This is how it works. Since that car's under your girlfriend's name, you understand she's going to get arrested and charged for it, right? So now, the question comes to where if it's yours, this is the opportunity and time that you have to say, yeah that's mine. Ok? Now, if we go back, that firearm right now is being dusted and tested for DNA. All right? Now, if it comes back to you, then we're going to have to come back here again and deal with it. All right? This is your shot, and your opportunity to be like, this is A, B, C, and D, this is the reason why I had it, this is why I did it. All right? It's understandable if you got beef with somebody or you were a victim of a crime earlier and you're carrying for A, X, B, and C reason, it's all good. But if you're gonna sit here and tell me I don't know, I don't want to talk about it, then we're not doing anything. You just making that hole bigger for you and your girlfriend, because that car is under her name. So the ball is on your court now, brother.
Zimmerman then sought to clarify his options, asking "if I say it's mine, hypothetically speaking, does that leave her out of it?" (Tr. 7.) This question prompted the detective to explain:
I'm not forcing you to say that that's yours. At no point in time I said take blame for it. Ok? You have to understand that now. So, it doesn't take a genius to put two and two together where a car that you mostly, 90 percent of the time that you're using and a firearm was found in it. All right? ... Once again, I'm not here to point fingers, I'm not telling you did A, B, C and D. None of that, ok? We're human beings, excuse my language, shit happens, all right? ... Now, I don't know what's going on in your life. I'm not here to judge you. People, different people got different walks of, of life. They got different shit going on with their jobs, their personal life. That's on you. I'm not here to judge you. Now, what I do need is a reason why you had it and how it got to that car, all right? So, go ahead now.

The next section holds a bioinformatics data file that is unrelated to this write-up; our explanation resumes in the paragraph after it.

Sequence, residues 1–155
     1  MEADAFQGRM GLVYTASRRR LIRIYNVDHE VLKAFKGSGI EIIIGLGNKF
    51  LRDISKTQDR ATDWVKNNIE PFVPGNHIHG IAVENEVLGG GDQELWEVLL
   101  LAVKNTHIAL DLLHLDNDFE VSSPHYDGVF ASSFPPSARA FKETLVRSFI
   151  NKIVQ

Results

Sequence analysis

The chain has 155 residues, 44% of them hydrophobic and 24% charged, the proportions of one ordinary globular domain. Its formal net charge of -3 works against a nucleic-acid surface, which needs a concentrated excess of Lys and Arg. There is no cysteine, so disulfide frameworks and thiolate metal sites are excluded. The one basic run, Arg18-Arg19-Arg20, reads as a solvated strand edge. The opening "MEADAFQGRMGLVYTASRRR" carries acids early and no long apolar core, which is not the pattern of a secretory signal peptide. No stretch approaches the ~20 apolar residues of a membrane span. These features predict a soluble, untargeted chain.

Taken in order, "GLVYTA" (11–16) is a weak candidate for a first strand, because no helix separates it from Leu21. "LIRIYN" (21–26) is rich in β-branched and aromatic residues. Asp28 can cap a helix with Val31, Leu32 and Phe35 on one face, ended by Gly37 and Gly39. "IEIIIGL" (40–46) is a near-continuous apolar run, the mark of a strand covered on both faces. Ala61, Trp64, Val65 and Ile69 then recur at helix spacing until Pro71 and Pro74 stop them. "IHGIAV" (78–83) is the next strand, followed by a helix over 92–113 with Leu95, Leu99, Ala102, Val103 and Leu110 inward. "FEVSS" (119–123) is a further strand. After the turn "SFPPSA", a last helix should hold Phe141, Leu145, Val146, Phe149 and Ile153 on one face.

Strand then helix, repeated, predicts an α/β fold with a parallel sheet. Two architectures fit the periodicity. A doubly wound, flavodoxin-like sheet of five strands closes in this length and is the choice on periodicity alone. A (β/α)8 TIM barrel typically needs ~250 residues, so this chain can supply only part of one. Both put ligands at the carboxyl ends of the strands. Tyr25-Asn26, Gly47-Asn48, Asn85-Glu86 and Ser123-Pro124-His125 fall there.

(Tr. 7–8.) In response, Zimmerman stated that he worked in "the projects," and had the gun "for protection." (Tr. 8.) Zimmerman made that confession less than eleven minutes after the interview began.
This questioning was not coercive. After Zimmerman waived his Miranda rights, the police were "free to discuss with him the evidence against him and the reasons why he should cooperate." Tutino , 883 F.2d at 1138. Detective Camacho did precisely that, stating, "you have to understand the consequences," and describing the evidence against Zimmerman. (Tr. 6.)
In this context, the statement, "you understand she's going to get arrested and charged for it, right?" appears to be less a threat than an explanation of likely future events. Zimmerman had just explained to the detective that he and his girlfriend owned and used the car. To be sure, it was likely that Zimmerman, who used the car most often and was its sole occupant that evening, owned the gun. However, absent a confession from Zimmerman, the police could not completely discount the possibility that the girlfriend owned it. Certainly the question of whether these facts gave the police probable cause to arrest the girlfriend may have been close; indeed, Detective Camacho – the person who would have been assessing probable cause in the first instance – could have honestly harbored an intention to arrest her. Thus, the overall focus of the questioning by Detective Camacho centered on key issues: who owned the car, who used it the most, in order to determine who may be criminally liable for possessing the firearm. Accordingly, the alleged threat was not "[a]n objectively unwarranted threat to arrest or hold a suspect's paramour" and was not "the sort of overbearing conduct that society discourages by excluding the resultant statements." Miller , 450 F.3d at 272.
To the extent that Zimmerman viewed the detective's comments about his girlfriend as an attempt to coerce a statement, Detective Camacho made it abundantly clear that he was not "forcing" a confession. The detective highlighted the strength of the circumstantial cases against Zimmerman, noting that it wouldn't "take a genius" to conclude that he was responsible for a firearm found in a car he was using "90 percent of the time." To be sure, the detective confronted Zimmerman with a "difficult" choice, and Zimmerman's decision to confess may well have been prompted by his desire to protect his girlfriend from the rigors of arrest, interview, and possible confinement. However, these facts do not make out the sort of physical or psychological coercion that would justify a finding that Zimmerman confession was involuntary. See Mullens , 536 F.2d at 1000. Zimmerman's motion to suppress the statements made during his post-arrest interview is, therefore, denied.
For the reasons stated herein, Zimmerman's motion to suppress is denied in its entirety.